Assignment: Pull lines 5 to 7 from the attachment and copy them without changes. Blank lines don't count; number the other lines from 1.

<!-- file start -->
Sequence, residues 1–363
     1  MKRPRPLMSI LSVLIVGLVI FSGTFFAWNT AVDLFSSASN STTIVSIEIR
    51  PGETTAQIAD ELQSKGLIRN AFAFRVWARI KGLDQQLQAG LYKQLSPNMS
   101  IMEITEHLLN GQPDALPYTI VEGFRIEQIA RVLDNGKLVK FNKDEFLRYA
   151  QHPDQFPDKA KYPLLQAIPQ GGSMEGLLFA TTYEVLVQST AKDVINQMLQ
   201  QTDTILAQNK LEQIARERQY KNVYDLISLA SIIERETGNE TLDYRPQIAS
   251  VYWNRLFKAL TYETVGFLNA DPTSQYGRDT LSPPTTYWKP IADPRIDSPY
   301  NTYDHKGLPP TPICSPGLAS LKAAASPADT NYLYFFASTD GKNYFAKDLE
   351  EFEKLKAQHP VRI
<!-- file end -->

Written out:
   151  QHPDQFPDKA KYPLLQAIPQ GGSMEGLLFA TTYEVLVQST AKDVINQMLQ
   201  QTDTILAQNK LEQIARERQY KNVYDLISLA SIIERETGNE TLDYRPQIAS
   251  VYWNRLFKAL TYETVGFLNA DPTSQYGRDT LSPPTTYWKP IADPRIDSPY